Mohammed Salisu to Southampton: Rapid rise from Ghana’s dirt pitches

“He can be a great player,” Fran Castano tells Sky Sports. “He is improving every day and you have to remember that he only played 30 games in Spain. Three years ago he was playing on dirt pitches.”

Nobody appreciates Mohammed Salisu’s leap better than Fran.
To Southampton supporters, this is their new £10.9m signing from La Liga – the Ghanaian centre-back labelled ‘the Wall of Valladolid’. But the Spaniard still recalls the shy boy who turned up for one of his first sessions at his African Talent Football Academy without even boots in which to play.
Salisu borrowed a pair from one of the goalkeepers. The rest is history.

“I was about to kick him out,” laughs Fran.

“But he caught my attention within 10 minutes. Salisu is special. Off the pitch, he was quiet and calm. He liked being alone or with three or four of his closest friends. He was very shy.

“On the pitch, everything changed. Character, aggression and leadership.

“He always wanted to win and he was capable of forgetting bad moments very quickly. His rapid rise has not been easy, but he has a very strong personality and knows what he wants.”
Fran’s own story is fascinating. Born near Madrid, he had a coaching career in his homeland working with young players at Jaen and Leganes before making the unusual move to pursue his career in Africa. He took up roles in Niger and Mauritania working with the best young talent around before realising his vision for an ambitious new project in Accra, Ghana’s capital.

“I was tired of working in Spain,” he explains. “The opportunities were limited and the salaries were low. I needed a new challenge and I have always liked Africa so I made the move.

“I had been working in Africa for five years and even managed to bring a player to Europe with the help of an agent. I realised that the boys were good, they had a lot of talent but their preparation was very poor. They needed better training, better nutrition and many other things too.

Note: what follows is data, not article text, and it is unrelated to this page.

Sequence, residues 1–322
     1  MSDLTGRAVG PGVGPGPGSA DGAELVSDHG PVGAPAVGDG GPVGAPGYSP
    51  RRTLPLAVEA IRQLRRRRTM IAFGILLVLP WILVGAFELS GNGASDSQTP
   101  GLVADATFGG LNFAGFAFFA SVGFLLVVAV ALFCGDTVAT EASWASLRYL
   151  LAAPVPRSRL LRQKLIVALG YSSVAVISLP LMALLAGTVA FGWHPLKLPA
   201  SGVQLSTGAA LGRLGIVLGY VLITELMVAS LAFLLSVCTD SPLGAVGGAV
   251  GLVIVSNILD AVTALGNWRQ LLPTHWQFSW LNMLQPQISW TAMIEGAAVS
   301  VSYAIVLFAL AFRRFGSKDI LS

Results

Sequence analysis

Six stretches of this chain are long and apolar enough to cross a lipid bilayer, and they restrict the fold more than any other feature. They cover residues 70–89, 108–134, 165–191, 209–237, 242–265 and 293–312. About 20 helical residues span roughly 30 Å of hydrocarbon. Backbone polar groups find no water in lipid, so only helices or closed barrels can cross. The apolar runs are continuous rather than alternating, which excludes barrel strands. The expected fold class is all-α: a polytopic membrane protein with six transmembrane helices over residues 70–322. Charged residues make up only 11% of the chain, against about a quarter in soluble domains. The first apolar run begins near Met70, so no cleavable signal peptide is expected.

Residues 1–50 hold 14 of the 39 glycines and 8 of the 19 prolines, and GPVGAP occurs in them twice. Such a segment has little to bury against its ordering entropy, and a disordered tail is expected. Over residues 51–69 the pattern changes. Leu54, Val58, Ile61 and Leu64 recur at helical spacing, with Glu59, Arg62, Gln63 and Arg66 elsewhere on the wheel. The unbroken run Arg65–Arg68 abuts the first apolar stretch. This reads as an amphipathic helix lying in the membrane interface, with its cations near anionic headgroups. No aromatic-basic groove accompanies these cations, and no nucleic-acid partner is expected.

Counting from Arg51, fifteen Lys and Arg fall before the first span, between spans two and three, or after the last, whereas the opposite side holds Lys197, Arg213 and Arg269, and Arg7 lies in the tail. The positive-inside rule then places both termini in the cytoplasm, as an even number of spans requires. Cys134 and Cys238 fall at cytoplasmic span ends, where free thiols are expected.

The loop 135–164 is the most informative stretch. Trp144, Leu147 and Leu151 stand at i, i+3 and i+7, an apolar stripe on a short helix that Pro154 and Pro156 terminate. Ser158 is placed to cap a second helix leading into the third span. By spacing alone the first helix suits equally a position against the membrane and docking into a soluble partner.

“In addition, I noticed that in Ghana, in any part of the country, even in the smallest town, there can be a great player that nobody has seen or given the opportunity.”

With the help of an investor, in 2017, the African Talent Football Academy was born.
Fran’s idea was to prepare the young boys in his academy for Europe – in every sense. Education is compulsory. Language skills are taught with the players learning French and Spanish. The focus is on ensuring that the subsequent transition will be as smooth as possible.

“We prepare them as footballers and as people,” he says. “We want them to be prepared for the day that they arrive in Europe. We also know that many will not make it and still not return home so we want them to be prepared for that other life that they may have there too.

“On a psychological level, we work on character, empathy, resilience, competitiveness. We have many talks with them so that they learn to express themselves and to give their opinion. We want them to be strong to face difficulties and to be able to analyse and overcome problems.

“We also arrange trips to help in orphanages. We clean the beaches. That is so they see that there are people who do not have the opportunity that they have and that they should never forget this.”
Salisu went through all of these experiences, while having access to top coaching. The idea was simple but demanding. He would need to be prepared for anything that was expected of him.

“Physically, they do not need a lot of work beyond the nutrition. Technically, we work on a lot. We enhance their strengths and we try to improve their weaknesses. There is an individual focus.

“In terms of tactics, we try to make them understand the game, be intelligent and be capable of making good decisions, but we do not really teach them any one system. That is not our main objective. We want them to be able to play within different systems and game models.”

Salisu stood out because he picked everything up so quickly.

“He understood everything,” says Fran.

“I was struck by the ability he had to improve. Every day he was a better player.”
All of which made him a candidate for a move to Europe and Fran’s contacts at Valladolid presented an opportunity for Salisu and two other hopefuls to test themselves in Spain.

“I knew the coach of the U19 team and contacted him,” he says. “He told me that the players could come and play there. I called many teams but nobody trusted what I was saying.

“He was the only one who trusted me.”

That faith was rewarded spectacularly.

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